180. Locked BMW interferes with digital TV
Question: When my BMW 330Ci is locked, it causes interference to my digital TV service – despite being parked about 30ft from the dish. My wife’s Mercedes-Benz doesn’t cause this, no matter where it is parked. I was thinking of swapping her Merc for an X5, but two BMWs parked on the drive at once might limit my evening’s entertainment to Scrabble. I’m sure I could get the dish moved, at a cost, but I shouldn’t need to do that. I.B., via email.
Reply: There is an EC directive about electronic interference that came into force several years ago. Either your car’s alarm immobiliser system or the dish/TV receiver does not conform to it.
(Honest John’s Agony column, Daily Telegraph Motoring Section, Saturday 30/03/2002, page 10, http://www.telegraph.co.uk.)
181. Two navy warships nearly collided when the radar of one disabled the steering of another
The minehunter HMAS Huon went out of control and veered across the bow of the frigate HMAS Anzac. Huon – the first of six state-of-the-art coastal minehunters – lost its steering as a result of electromagnetic interference (EMI) from Anzac and passed ahead of the frigate “at close range” according to an Auditor-General’s report last week. The previously unreported incident occurred in June 2000 while the warships were sailing to Singapore.
The near-collision was used in the Australian National Audit Office report to highlight shortcomings in the testing and evaluation of new defence equipment, especially in the navy, leading to the installation of only partially tested systems. “The incident prompts questions concerning the adequacy of EMI testing during developmental testing and evaluation and whether the services should complete more extensive operational testing and evaluation before integrating new platforms into defence exercises,” the report stated.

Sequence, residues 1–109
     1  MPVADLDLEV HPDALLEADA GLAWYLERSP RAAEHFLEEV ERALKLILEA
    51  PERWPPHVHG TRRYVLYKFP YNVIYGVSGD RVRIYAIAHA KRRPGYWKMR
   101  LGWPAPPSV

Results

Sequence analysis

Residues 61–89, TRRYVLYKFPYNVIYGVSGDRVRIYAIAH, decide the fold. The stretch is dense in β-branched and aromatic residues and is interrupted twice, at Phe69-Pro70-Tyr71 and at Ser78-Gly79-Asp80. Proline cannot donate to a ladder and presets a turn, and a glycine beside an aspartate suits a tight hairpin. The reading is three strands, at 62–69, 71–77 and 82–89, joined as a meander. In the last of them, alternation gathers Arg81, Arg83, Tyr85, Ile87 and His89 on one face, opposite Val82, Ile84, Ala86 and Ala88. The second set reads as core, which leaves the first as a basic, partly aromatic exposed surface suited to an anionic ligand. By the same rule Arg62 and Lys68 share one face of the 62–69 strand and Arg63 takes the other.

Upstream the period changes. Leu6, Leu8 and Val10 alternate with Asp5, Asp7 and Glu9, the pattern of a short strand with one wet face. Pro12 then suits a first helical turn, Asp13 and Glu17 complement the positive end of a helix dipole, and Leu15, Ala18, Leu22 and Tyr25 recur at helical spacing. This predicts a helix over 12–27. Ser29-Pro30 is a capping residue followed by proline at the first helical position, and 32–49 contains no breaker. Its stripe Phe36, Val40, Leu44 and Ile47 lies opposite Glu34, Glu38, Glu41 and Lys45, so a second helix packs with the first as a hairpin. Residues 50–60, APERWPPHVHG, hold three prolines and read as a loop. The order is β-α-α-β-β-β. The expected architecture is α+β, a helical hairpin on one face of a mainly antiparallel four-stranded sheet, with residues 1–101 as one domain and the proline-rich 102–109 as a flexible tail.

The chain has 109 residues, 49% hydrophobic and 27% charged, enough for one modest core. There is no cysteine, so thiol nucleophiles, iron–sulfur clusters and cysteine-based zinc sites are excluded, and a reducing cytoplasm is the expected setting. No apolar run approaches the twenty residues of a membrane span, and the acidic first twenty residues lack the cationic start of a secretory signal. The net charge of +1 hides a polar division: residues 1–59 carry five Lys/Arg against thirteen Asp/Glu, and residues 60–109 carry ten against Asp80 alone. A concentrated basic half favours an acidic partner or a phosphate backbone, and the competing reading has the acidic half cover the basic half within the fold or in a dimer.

The ANAO report rejected Defence Department claims that such testing was expensive and not necessarily cost-effective and said that T&E (testing and evaluation) should be conducted as early as possible in order that risks could be reduced before they became dangerous. “In extreme cases, inadequate T&E could have tragic consequences,” the report said.
(Extracted from “Loose radar blips nearly sink ships” by Wayne Smith, The Courier Mail (Brisbane, Queensland, Australia) Friday February 1st 2002, sent in by Chris Zombolas of EMC Technologies Pty Ltd, Melbourne, Australia, March 2002, http://www.emctech.com.au.)
182. Experiences of interference in U.S. residential environments
Currently, appliances in the U.S. do not need to meet any EMC compliance standards. Since U.S. appliance manufacturers can (and do) produce domestically used products without any regard for EMI suppression, how serious is the EMC problem in the U.S.? It’s difficult to know the entire scope of the problem, but a few examples have come to our attention. For example, the new 2.4GHz portable phones will not function near laundry rooms when certain models of washing machines are running. This problem is easily overcome by not using these portables near these washers. A little inconvenient, but not intolerable.